Glock 19 is effectively a reduced-size Glock 17; it is called the “Compact” by the manufacturer. The Glock 19 has a shorter barrel (by about half an inch) and pistol grip compared to the Glock 17. Both these semi-automatic pistols use 9mm cartridges and were designed by Gaston Glock. The Glock 26 is the subcompact version and is even smaller than the Glock 19.
The Glock 17 uses 9x19 mm cartridges. It is 186 mm (7.32 inches) long, with a barrel length of 114 mm (4.49 in) and a standard magazine capacity of 17. It weighs 625g (22 oz) when unloaded.
The Glock 19 is considered the “compact” style Glock. It also takes 9x19mm cartridges, but is only 174 mm (6.85 in) long, with a barrel length of 102 mm (4.01 in). It has a standard magazine capacity of 15 and weighs 595g (21 oz) when unloaded.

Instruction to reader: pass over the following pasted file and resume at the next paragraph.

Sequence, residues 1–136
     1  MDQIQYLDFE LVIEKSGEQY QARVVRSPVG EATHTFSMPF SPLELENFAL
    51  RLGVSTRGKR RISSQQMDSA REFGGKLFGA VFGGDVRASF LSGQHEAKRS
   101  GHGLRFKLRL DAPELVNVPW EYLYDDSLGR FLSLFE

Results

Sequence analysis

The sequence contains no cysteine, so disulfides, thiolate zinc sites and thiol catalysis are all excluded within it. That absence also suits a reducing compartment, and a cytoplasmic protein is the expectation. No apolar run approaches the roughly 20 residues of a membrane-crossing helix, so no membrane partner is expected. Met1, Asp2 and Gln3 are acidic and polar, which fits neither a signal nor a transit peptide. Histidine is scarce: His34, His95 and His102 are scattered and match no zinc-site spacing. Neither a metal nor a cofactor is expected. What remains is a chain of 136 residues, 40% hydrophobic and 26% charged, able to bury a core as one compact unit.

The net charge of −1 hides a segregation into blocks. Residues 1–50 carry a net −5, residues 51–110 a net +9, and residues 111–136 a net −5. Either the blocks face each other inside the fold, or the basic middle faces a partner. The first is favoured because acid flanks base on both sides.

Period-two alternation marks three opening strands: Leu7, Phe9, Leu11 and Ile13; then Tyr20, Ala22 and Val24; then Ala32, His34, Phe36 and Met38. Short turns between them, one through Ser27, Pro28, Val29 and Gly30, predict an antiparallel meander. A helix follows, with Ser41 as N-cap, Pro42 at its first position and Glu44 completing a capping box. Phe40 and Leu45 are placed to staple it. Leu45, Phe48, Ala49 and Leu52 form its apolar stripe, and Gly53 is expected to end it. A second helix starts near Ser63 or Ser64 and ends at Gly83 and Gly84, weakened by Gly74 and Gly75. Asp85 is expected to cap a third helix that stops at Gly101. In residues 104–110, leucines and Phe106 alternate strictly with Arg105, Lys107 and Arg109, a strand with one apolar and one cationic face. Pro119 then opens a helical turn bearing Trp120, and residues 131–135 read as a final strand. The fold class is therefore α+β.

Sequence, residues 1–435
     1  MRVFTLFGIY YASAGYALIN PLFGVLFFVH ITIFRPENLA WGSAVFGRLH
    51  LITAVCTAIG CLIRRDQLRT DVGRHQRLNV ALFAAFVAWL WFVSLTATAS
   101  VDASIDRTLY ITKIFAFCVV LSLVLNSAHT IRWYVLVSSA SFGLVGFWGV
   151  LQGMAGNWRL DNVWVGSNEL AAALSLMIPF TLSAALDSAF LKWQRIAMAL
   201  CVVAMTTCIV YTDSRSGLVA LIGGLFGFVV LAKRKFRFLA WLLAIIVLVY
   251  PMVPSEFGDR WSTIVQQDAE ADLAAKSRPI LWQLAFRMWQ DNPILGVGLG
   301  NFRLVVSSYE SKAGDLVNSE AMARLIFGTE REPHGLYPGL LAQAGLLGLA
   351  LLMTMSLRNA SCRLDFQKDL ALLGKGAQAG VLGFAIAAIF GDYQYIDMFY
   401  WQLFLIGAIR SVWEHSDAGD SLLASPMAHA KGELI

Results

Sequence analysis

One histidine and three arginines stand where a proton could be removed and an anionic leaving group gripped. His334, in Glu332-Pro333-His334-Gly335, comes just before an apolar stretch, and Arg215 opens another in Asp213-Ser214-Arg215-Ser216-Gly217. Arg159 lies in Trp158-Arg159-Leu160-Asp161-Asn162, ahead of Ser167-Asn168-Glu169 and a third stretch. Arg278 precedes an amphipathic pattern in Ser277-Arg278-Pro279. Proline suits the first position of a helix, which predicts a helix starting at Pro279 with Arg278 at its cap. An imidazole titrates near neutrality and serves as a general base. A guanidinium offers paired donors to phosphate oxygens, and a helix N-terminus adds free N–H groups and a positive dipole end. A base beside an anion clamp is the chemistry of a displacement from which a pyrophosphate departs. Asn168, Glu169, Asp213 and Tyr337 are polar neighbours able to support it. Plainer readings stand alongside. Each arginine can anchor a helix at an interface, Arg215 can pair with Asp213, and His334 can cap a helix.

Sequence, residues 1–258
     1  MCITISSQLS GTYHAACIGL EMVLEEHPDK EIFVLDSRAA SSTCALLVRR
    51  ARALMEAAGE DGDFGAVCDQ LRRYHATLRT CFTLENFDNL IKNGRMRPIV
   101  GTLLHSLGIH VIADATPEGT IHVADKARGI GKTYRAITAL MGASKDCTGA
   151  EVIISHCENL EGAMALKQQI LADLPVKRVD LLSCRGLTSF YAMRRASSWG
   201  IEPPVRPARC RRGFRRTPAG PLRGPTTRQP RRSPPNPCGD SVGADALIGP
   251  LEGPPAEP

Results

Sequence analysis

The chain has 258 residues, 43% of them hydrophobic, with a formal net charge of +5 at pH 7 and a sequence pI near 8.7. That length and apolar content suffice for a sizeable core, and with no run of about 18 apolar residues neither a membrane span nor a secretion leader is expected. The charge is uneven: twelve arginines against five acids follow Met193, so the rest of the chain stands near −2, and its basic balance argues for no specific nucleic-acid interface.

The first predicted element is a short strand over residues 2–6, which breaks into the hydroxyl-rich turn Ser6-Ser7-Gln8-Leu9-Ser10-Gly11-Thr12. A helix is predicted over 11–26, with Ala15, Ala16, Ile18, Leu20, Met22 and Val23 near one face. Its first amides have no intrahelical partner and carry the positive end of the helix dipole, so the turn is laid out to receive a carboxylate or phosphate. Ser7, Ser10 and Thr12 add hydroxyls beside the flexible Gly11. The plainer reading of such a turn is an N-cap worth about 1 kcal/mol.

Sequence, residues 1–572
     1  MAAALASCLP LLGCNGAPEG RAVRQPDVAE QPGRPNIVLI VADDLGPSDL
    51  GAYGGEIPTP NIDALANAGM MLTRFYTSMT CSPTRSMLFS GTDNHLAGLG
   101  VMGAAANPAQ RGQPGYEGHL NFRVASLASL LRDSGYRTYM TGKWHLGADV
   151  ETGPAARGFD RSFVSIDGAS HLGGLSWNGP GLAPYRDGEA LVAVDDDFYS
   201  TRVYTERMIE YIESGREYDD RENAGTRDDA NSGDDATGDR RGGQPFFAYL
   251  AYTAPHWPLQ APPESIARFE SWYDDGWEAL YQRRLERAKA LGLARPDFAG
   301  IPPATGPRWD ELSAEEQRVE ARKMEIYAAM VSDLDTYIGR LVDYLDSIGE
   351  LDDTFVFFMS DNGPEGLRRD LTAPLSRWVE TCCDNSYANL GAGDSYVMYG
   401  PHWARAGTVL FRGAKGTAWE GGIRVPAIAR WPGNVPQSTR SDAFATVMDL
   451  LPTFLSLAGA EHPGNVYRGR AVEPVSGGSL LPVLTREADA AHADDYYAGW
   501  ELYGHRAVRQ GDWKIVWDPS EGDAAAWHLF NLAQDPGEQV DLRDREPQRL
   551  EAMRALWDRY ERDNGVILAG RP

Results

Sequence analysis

The Glock 19 pistol is compatible with factory magazines from the Glock 17 and Glock 18, with available capacities of 10, 17, 19, and 33 rounds. With the exception of the slide, frame, barrel, locking block, recoil spring, guide rod, and slide lock spring, all of the other components are interchangeable between the models 17 and 19.
The Glock 17 costs an average of $500. The Glock 19 is the same price with an average cost of $500.
The Glock 17 and Glock 19 are virtually identical except for size. Users report no difference in durability, accuracy or reliability.
The Glock 17 is used by law enforcement officials in Australia, Austria, Bangladesh, Belgium, Brazil, Czech Republic, Ecuador, Finland, France, Georgia, Germany, Guatemala, Hong Kong, India, Israel, Kosovo, Latvia, Lithuania, Luxemberg, Monaco, Montenegro, the Netherlands, New Zealand, Norway, Panama, Peru, Poland, Portugal, Romania, Russia, Spain, Sweden, Switzerland, the United Kingdom, the United States and Venezuela.
The Glock 19 is used by law enforcement officials in Australia, Austria, Belgium, Brazil, Hong Kong, India, Iraq, Israel, Lithuania, Malaysia, Poland, Portugal, Russia, Singapore, Sweden, Switzerland, Thailand, the United States and Yemen.